" line " + new Throwable().getStackTrace()[1].getLineNumber());
}
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I Just added a few new functions to the latest 10.0.1 patch release which should be generally available next week.
  1. New MD5( expC ) function to calculate an MD5 crypto key from any character expression
  2. New MD5FILE( expC ) function calculates an MD5 crypto key for a given filename. If the filename is a pattern e.g *.* it will calculate the key across all files matching the pattern
  3. New mod_recital.so available for using Recital Web on linux x86_32
  4. New mod_recital64.so available for using Recital Web on linux x86_64 
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Awk is an powerful text processing language that allows you to manipulate files containing columns of data and strings. Awk is extremely useful, both for general operation of Unix commands, and for data transformation.
 
Introduced in Recital 10 is the PIPETOSTR() function (as well as backticks `` inside strings) which can be used  in conjunction with awk to transform recital data.
 
The following links provide good tutorials on awk:
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This link provides a decent covering of this topic.
http://www.the-art-of-web.com/css/border-radius/
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In this article Barry Mavin, CEO and Chief Software Architect for Recital, details how to work with Triggers in the Recital Database Server.

Overview

A trigger is a special kind of stored procedure that runs when you modify data in a specified table using one or more of the data modification operations: UPDATE, INSERT, or DELETE.

Triggers can query other tables and can include complex SQL statements. They are primarily useful for enforcing complex business rules or requirements. For example, you can control whether to allow a new order to be inserted based on a customer's current account status.

Triggers are also useful for enforcing referential and data integrity.

Triggers can be used with any data source that is handled natively by the Recital Database Engine. This includes Recital, FoxPro, FoxBASE, Clipper, dBase, CISAM, and RMS data,

Creating and Editing Triggers

To create a new Trigger,  right-click the Procedures node in the Databases tree of the Project Explorer and choose Create. To modify an existing Trigger select the Trigger in the Databases Tree in the Project Explorer by double-clicking on it, or select Modify from the context menu. By convertion we recommend that you name your Stored Procedures beginning with "sp_xxx_", user-defined functions with "f_xxx_", and Triggers with "dt_xxx_", where xxx is the name of the table that they are associated with.

Associating Triggers with a Table

Once you have written your Triggers as detailed above you can associate them with the operations performed on a Table by selecting the Table tab.

The Tables tab allows you to select a Trigger procedure by clicking on the small button at the right of the Text field.

Types of Triggers

As can be seen from the Tables tab detailed below, The Recital Database Server handles 6 distinct types of Triggers.

Open Trigger

The Open Trigger is called after is a table is opened but before any operations are performed on it. You can use this trigger to record a log of table usage or provide a programmable means of checing security. If the Trigger procedure returns .F. (false), then the table is not opened. You can use a TRY...CATCH block around the associated command to inform the user.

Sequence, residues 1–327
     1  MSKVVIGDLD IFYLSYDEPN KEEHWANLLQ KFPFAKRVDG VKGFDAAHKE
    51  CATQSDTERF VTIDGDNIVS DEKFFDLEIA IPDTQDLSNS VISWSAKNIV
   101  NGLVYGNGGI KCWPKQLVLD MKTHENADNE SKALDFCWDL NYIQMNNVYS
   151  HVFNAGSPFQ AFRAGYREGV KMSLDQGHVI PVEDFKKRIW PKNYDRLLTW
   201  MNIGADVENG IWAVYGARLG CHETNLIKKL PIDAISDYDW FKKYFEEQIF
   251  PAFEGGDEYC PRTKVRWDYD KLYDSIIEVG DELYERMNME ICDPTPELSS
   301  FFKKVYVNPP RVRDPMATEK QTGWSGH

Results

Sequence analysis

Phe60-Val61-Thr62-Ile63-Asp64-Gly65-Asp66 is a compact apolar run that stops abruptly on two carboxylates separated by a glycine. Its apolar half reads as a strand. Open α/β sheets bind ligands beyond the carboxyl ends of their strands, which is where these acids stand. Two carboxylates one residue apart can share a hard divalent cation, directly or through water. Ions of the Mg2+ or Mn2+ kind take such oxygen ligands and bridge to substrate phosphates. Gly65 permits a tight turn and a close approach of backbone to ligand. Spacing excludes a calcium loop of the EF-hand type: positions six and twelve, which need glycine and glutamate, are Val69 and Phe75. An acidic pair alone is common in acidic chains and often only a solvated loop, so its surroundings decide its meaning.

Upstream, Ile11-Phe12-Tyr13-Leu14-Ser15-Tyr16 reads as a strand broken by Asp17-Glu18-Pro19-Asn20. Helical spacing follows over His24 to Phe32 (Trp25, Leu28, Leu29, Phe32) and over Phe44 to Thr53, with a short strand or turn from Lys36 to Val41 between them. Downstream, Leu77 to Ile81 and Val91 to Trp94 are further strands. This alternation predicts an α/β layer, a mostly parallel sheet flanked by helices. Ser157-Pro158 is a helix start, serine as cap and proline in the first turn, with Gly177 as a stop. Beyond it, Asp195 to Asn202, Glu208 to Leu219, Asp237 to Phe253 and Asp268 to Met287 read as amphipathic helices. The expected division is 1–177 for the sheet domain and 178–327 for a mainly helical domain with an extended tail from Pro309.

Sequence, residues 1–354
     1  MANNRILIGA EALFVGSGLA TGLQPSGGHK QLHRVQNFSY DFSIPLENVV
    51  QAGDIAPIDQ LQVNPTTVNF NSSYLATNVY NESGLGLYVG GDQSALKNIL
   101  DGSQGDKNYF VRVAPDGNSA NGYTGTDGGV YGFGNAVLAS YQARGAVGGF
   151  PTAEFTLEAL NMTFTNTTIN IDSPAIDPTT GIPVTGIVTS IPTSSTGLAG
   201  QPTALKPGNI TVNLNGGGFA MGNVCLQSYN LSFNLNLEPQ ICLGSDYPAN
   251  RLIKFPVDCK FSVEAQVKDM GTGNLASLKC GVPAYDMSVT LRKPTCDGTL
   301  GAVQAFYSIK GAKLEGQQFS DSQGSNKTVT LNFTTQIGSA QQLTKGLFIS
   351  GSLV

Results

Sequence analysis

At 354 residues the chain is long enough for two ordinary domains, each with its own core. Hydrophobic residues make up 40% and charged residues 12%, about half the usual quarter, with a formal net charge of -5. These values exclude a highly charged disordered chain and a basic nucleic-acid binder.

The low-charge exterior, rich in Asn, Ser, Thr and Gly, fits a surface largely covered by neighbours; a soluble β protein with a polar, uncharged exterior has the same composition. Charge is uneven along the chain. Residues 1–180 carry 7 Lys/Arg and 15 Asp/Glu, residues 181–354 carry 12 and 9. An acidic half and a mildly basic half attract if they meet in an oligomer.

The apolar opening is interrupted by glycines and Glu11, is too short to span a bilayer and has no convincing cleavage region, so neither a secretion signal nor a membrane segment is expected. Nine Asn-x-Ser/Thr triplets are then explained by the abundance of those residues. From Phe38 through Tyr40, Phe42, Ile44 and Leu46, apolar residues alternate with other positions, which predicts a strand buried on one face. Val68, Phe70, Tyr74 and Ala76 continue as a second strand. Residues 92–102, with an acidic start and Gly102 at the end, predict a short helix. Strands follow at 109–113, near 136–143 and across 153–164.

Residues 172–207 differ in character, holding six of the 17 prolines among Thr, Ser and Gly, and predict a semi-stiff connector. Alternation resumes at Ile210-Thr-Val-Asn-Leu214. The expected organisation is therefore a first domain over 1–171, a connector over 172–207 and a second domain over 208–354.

Close Trigger

The Close Trigger is called just prior to a table being closed. In this trigger you may find it useful to get transaction counts by using the IOSTATS() built-in 4GL function, and record these values in a transaction log.

Update Trigger

The Update Trigger is called prior to a record update operation being performed. You can use this trigger to perform complex application or data specific validation. If the Trigger procedure returns .F. (false), then the record is not updated. You can use inform the user from within the Trigger procedure the reason that the data cannot be updated.

Delete Trigger

The Delete Trigger is called prior to a record delete operation being performed. You can use this trigger to perform complex application or data specific validation such as cross-table lookups e.g. attempting to delete a customer recortd when there are still open orders for that specific customer. If the Trigger procedure returns .F. (false), then the record is not deleted.

Insert Trigger

The Insert Trigger is called prior to a record insert (append) operation being performed. You can use this trigger to perform such tasks as setting up default values of columns within the record. If the Trigger procedure returns .F. (false), then the record is not inserted.

Rollback Trigger

The RollbackTrigger is called prior to a rollback operation being performed from within a form. If the Trigger procedure returns .F. (false), then the record is not rolled back to its original state.

Testing the Trigger

To test run the Trigger, select the Trigger in the Databases Tree in the Project Explorer by double-clicking on it. Once the Database Administrator is displayed, click the Run button to run the Trigger.

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Another useful article on IBM developerworks shows how to build PHP extensions using SWIG. You can find the article here.